Amaechi et al.9 quantitatively assessed the mineral changes in a carious lesion based on the effectiveness of preventive measures to remineralize the lesion at an incipient stage. These researchers monitored the changes over time in the mineral status of the caries by using OCT with a system that could collect A-scans (depicting depth versus reflectivity curve), B-scans (longitudinal images), and C-scans (transverse images at constant depth). Bovine teeth were subjected to demineralization in acidic buffer solution for 3 days, with images obtained before demineralization and again after 3 days of demineralization. Whereas the B-scans and C-scans qualitatively described the lesion, the A-scans showed the depth (in mm)–resolved reflectivity (in dB) of the tooth tissue and were used for the quantitative analysis. The results showed that R (dB/mm) decreased with increasing demineralization time, and that the percentage reflectivity loss (R%) in demineralized tissue (amount of mineral loss) increased with increasing demineralization time, showing that OCT could quantitatively monitor the mineral changes in a carious lesion over the long term.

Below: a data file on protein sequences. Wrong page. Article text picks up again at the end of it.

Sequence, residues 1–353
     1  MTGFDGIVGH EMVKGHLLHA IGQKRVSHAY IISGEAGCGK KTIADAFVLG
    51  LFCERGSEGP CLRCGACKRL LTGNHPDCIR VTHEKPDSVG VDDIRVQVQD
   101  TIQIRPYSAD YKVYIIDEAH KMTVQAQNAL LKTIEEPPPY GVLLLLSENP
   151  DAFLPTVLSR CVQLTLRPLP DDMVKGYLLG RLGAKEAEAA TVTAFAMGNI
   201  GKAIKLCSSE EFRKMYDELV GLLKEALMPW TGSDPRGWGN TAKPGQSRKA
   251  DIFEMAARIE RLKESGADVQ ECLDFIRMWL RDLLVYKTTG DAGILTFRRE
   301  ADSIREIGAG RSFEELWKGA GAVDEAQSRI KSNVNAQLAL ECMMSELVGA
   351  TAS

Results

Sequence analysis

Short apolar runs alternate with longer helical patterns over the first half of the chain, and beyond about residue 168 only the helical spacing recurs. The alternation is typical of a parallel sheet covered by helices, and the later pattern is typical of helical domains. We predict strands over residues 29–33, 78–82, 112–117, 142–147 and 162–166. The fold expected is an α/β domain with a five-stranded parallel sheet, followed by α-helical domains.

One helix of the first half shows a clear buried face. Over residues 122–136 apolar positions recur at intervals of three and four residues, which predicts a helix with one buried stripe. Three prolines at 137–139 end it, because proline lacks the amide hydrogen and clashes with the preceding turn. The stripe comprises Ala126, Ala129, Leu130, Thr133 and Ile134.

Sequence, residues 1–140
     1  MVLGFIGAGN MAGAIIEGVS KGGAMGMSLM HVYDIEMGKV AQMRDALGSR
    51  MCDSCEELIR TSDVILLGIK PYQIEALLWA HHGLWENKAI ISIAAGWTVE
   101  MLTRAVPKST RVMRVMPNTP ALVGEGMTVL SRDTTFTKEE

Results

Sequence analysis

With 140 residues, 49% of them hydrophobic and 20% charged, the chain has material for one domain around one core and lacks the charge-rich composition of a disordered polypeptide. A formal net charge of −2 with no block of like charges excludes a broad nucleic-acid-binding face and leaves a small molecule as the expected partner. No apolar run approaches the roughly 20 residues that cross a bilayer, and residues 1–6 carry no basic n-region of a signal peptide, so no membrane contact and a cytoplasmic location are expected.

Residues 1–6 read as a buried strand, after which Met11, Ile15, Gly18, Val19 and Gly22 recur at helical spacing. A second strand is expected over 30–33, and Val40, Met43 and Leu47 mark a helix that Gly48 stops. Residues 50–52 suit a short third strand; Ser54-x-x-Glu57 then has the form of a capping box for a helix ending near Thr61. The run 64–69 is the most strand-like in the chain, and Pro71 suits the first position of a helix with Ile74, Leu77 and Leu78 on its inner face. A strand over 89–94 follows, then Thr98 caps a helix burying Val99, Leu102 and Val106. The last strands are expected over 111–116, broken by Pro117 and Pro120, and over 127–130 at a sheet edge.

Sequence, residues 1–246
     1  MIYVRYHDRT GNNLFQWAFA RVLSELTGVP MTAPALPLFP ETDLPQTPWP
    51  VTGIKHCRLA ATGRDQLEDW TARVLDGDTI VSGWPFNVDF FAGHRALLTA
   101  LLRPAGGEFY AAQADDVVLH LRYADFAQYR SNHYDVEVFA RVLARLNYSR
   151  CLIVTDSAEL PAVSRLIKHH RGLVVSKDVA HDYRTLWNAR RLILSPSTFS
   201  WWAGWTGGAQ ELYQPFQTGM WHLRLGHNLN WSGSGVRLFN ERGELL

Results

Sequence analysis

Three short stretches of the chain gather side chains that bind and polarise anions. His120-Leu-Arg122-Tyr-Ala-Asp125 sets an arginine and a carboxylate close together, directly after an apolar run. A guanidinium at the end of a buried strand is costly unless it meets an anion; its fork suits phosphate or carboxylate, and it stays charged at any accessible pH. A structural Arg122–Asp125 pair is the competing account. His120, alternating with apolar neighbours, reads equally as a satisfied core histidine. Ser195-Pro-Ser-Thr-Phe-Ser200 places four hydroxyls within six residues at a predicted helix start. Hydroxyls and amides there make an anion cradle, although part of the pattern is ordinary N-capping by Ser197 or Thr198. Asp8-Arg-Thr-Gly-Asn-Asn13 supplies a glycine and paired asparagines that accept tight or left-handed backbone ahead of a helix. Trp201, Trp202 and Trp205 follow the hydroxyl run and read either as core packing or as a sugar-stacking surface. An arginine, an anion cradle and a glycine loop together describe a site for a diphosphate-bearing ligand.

Fried and co-workers have spent more than 12 years studying and refining OCT, based on use of 1310-nm light for the detection of carious lesions in enamel, including the very problematic occlusal surfaces.10–13 Their early work showed the advantage of using polarization-sensitive OCT (PS-OCT) over nonpolarized OCT.10 PS-OCT gave much better resolution and imaging of early lesions in enamel and produced quantitative imaging as well as qualitative imaging of artificial and natural carious lesions.12,14 Numerous experiments were conducted in vitro that demonstrated quantitative assessment of demineralization and remineralization of enamel carious lesions using PS-OCT.12,15,16 The technique also can be applied to lesions in dentin and tooth roots for the assessment of demineralization and remineralization.17–21 Secondary caries can be imaged with PS-OCT.22 Of importance, quantitative assessment of carious lesions in vivo has recently been reported by this group of investigators, demonstrating that this methodology is very close to widespread use in clinical dentistry.23 At the same time, further refinements of the technique have been achieved, leading to the development of cross-polarization OCT (CP-OCT).24–28 CP-OCT has now been shown to be capable of monitoring carious lesion progress in human mouths.13,29